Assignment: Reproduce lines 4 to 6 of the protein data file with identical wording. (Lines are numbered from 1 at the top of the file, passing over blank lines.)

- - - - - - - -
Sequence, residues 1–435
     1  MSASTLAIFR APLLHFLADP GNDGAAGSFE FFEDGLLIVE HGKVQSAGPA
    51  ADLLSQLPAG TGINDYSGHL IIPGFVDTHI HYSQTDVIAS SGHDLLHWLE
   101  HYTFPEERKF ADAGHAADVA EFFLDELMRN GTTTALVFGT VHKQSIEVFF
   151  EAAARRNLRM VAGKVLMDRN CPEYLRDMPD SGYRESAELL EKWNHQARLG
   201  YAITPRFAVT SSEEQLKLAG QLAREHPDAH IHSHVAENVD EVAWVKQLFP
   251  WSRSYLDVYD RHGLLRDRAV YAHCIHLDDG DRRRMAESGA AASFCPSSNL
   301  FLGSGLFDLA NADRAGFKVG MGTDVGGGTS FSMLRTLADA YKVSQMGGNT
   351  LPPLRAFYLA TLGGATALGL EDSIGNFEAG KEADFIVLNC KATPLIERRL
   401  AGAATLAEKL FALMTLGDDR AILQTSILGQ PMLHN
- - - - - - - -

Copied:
   101  HYTFPEERKF ADAGHAADVA EFFLDELMRN GTTTALVFGT VHKQSIEVFF
   151  EAAARRNLRM VAGKVLMDRN CPEYLRDMPD SGYRESAELL EKWNHQARLG
   201  YAITPRFAVT SSEEQLKLAG QLAREHPDAH IHSHVAENVD EVAWVKQLFP